Technology: “the knack of so arranging the world that we don’t have to experience it.” ~Max Frisch, c.1960s


Max Frisch speaks of a tragic reality that I, as well as many others, face everyday.

I often look at photographs–especially now on social media–and find myself in awe of all the beauty in the world. I have watched movies and imagined myself traveling around like my favorite characters. For example, I fell in love with Greece through the experiences of Lena in The Sisterhood of the Traveling Pants. While playing MX, a PS2 game, as a young kid, I felt as if I had learned how to dirt bike, four wheel, and even drive helicopters.  I spend many hours every day listening to music, able to replay my favorites and skip the ones I do not know. I become politically aware through television, radio, and more social media posts than I would like to admit. I spend a lot of time looking at images and listening to recordings. I formulate many opinions based on things I have retained without so much as moving a foot.


And I am far from alone.


Everyday more and more people find themselves trapped inside. Jobs are often in front of computers that prevent workers from moving. Amusement parks and virtual reality simulators synthesize things like hang gliding. Friends and families communicate through text, or video chat, if they are lucky. As more and more functions and activities can be completed with technology, it becomes faster and more comfortable to simply not interact with people.


This avoidance is why Frisch said, “[people] don’t have to experience it” (italics mine).


I have friends who have never talked with a bank teller. They do not know how to write, nor deposit checks because they have always used direct deposit or transfer. I have been out to meals with incredibly bright people who have used tip calculating apps on their phones to pay the bill, and everyday here at Colby College, students drive to the gym in order to run on treadmills.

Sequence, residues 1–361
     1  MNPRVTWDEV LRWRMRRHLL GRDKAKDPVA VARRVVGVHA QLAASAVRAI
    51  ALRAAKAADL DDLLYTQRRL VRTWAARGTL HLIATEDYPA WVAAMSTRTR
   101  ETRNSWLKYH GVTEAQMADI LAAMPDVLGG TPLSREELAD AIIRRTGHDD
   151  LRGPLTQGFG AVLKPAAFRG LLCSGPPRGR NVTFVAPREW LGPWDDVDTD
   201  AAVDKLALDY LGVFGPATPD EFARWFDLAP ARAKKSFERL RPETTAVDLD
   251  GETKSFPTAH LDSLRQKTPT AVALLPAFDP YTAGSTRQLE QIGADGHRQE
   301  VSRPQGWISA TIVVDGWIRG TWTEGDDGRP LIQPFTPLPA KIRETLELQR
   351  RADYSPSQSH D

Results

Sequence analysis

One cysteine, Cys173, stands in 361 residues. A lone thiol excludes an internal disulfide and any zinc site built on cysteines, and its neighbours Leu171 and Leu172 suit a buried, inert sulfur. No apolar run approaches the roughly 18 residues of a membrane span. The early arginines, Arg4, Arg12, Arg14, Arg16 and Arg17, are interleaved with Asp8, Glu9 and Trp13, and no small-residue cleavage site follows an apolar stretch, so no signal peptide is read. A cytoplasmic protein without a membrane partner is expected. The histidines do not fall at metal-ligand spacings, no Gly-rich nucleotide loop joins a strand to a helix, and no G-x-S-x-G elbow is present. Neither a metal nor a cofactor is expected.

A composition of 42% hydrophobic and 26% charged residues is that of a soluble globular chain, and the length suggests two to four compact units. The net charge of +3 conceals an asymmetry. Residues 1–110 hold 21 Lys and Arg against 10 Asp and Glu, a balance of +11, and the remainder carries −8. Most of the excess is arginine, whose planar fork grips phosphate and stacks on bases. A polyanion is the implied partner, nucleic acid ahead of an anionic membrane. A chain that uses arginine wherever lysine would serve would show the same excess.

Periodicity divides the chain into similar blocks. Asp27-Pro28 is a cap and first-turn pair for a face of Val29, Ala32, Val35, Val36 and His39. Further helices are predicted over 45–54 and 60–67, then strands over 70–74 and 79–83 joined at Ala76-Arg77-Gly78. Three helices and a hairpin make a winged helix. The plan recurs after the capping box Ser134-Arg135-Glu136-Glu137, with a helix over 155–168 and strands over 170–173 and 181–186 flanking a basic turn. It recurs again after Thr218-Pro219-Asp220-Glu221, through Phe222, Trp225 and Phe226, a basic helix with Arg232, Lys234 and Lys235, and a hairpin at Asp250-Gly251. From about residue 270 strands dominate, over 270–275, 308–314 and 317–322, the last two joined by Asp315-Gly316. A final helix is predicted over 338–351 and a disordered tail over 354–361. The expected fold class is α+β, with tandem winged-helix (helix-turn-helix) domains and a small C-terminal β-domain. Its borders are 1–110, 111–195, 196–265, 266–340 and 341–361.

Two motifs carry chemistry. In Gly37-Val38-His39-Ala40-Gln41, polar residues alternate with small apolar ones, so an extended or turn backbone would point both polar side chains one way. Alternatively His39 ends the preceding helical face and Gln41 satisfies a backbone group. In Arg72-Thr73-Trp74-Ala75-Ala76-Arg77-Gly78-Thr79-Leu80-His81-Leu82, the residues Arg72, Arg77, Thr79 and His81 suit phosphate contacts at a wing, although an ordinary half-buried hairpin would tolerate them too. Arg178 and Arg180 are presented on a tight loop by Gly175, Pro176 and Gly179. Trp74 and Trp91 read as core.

Perhaps it is fear of embarrassment that prevents people from walking into the bank and asking for help making a deposit, but they are missing out on human interaction. Perhaps it is a disliking of the air temperature or humidity level that prevents people from simply running to the gym, but they are not experiencing the change in seasons or freshness in the air. Whatever it is, we need to face it. Technology has been an enabler that has taken too much from our lives. It is not a matter of needing real experiences, as Frisch states, but rather knowing their true value.


Photographs are most valuable as reminders of real experiences. Climb Mt. Washing, ski the bowl, or drive to the top and feel the ripping wind against your face. Then use the picture to remember how it felt. I do not have a clue as to whether or not I actually love Greece–I have never experienced the culture. MX might have been fun while I was younger, but it does not compare to the rush I get winding through trails and tearing the mud up behind me now. I used to like music, but I found a new love for it after hearing live music and feeling the energy of the performer engulf the people around me. As far as my political experiences go, the two hours I spent at a political rally and the one day I spent dressed in pink marching through Portland trumps everything I have read online or heard on the news.


Frisch speaks frankly, and he forces us to face the sad reality that there is less face to face communication and less appreciation for our surroundings because of what technology provides. However, this is about more than simply facing a problem–it is about realizing all that we are missing out on, and getting it back.